"Of course my interview process is different because of the stuff I've been through in my past," he said. "They want to make sure that I'm on the straight and narrow and that I'm really focused to play football.
"The main question is why do you want to play so much? You have to do this and do that and you can't live a normal life. My answer is I love playing football."
I thought for sure he'd take the route that he's the victim of misinformation or some other line of B.S. Instead, Pacman seemed to embrace the road he's forced himself to take.
"At the end of the day, I just want to play football," he said. "It might just be I want to play this year. Maybe I want to play two more years. Right now in my career, I'm willing to sacrifice the B.S. so I can make sure I play football."
Even if it's for the league minimum? After all, who in their right mind would risk any sort of financial investment in a guy who has shown zero credibility in the reliability department?
"Yeah, well, I was the sixth pick when I came into this league so I made a lot of money when I first got here," said Jones, who was chosen in 2005 by Tennessee. "If I have to play for the league minimum for a few years, I'm going to just to prove to somebody that I'm accountable. After that, the sky's the limit."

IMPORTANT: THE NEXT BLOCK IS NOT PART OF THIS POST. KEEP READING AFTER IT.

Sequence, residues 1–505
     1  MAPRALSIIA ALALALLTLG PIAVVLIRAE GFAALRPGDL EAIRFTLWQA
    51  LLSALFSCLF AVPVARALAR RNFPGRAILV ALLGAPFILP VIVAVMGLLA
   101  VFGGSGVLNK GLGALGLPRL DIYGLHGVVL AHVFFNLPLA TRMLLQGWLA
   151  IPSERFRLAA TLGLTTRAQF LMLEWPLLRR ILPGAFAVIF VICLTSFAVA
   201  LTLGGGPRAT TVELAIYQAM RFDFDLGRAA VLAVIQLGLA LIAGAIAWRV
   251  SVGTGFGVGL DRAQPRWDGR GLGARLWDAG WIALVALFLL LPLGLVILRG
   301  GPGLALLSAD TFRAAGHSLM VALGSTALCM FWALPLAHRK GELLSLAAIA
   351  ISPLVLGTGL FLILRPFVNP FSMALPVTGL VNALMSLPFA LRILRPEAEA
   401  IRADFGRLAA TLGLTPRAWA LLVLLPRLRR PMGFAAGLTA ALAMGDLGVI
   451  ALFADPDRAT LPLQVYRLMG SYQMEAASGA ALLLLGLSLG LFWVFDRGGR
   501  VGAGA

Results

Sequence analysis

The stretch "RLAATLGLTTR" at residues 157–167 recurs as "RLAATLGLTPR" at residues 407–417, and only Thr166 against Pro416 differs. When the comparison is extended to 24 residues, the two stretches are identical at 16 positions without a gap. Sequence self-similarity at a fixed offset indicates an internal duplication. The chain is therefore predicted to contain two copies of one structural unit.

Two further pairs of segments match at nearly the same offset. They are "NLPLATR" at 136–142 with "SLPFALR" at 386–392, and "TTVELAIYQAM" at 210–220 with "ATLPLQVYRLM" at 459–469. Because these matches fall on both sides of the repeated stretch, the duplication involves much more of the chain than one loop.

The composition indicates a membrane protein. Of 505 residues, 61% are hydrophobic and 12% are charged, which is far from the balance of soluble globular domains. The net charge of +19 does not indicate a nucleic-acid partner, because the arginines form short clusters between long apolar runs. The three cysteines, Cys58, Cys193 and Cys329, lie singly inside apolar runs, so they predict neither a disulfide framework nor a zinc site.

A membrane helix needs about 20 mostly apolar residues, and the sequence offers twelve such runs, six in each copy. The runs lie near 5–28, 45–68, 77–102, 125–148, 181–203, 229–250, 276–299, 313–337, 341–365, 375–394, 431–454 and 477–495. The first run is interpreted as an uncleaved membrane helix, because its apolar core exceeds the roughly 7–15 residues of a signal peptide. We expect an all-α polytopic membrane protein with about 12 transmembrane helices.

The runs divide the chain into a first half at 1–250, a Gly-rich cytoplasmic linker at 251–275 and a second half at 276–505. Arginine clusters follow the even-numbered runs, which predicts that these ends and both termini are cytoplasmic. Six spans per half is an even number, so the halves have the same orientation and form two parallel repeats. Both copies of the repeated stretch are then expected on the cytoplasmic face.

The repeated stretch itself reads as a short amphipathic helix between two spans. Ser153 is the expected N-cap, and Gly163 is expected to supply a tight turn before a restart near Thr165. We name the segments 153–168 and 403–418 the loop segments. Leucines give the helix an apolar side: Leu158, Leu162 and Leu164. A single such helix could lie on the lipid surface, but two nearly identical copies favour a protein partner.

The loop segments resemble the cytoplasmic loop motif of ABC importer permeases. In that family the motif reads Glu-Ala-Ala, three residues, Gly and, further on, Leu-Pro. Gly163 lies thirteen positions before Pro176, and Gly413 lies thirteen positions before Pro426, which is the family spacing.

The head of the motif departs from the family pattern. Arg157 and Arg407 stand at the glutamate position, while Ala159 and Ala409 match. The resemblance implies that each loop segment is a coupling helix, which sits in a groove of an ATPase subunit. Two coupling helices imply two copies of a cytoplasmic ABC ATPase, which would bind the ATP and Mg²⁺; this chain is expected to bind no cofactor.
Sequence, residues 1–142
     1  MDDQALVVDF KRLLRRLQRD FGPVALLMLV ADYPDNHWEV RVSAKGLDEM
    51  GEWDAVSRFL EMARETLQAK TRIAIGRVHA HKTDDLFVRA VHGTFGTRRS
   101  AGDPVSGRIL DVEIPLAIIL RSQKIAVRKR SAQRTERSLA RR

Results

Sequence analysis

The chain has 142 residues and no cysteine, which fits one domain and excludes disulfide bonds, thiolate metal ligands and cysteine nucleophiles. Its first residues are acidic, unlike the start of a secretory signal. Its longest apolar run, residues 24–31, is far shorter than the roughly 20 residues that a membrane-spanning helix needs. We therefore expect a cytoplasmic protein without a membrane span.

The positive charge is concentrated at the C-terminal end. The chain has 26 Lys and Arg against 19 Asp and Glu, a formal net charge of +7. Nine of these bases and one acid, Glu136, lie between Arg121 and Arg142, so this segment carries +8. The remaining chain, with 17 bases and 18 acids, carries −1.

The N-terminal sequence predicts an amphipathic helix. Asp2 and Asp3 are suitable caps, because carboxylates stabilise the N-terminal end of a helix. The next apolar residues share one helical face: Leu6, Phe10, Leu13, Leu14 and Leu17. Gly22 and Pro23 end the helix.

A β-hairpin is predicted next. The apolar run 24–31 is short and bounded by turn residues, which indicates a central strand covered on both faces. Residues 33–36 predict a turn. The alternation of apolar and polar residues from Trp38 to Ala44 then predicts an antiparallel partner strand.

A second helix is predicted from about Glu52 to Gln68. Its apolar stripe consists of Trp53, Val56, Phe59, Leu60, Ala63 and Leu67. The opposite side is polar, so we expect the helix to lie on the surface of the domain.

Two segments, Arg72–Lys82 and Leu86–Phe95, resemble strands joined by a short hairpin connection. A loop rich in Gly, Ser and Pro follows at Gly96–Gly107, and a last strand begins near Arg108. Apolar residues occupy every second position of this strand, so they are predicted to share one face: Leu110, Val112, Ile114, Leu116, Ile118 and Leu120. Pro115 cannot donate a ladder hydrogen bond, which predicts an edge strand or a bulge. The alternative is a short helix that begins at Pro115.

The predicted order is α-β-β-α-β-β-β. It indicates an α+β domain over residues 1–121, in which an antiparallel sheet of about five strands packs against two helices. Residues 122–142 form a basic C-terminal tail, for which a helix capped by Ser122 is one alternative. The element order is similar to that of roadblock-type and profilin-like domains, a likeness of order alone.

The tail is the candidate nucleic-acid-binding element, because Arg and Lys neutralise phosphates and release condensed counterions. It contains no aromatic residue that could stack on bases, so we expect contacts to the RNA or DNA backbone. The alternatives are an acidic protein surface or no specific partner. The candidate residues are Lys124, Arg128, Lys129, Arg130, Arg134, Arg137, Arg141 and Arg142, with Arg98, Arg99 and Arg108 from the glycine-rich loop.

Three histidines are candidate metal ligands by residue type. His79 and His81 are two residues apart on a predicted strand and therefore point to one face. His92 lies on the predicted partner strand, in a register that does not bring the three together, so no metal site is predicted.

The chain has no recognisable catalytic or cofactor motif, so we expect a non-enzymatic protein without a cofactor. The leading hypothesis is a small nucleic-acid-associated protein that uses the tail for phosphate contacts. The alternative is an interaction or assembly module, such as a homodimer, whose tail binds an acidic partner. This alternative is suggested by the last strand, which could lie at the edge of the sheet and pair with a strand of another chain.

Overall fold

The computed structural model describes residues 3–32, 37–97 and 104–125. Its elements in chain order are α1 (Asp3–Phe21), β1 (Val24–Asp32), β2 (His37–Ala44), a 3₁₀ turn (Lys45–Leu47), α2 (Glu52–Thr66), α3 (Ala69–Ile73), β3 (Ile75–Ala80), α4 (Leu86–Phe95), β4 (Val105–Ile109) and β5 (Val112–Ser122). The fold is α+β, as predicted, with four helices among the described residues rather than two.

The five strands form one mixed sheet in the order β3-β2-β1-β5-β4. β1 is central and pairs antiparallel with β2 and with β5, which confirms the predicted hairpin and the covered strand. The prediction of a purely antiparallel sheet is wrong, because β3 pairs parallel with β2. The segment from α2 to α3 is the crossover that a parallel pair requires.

Can you see why I'm struggling here? Here's a guy linked to a shooting in Las Vegas that left a good man paralyzed. He has been given chance upon chance. Even one of our Joes popped off about wishing it was him who was blessed with such ability because he wouldn't have squandered it.
I saw a kid with unbelievable talent and speed. His backpedaling was faster than every other PVJ participant running forward. Football is effortless for him. Strahan said he is actually quite football smart in the way he uses leverage, angles, and his body.
I'm hoping he can right the wrongs he's done. I'm hoping he's buried the Pacman who infuriated us.
He had been a symbol for everything wrong with today's sports world. Now he has a chance to become a symbol that you can, believe it or not, change
I don't want to choke the kid out anymore. I'm actually rooting for him.
By: Jay Glazer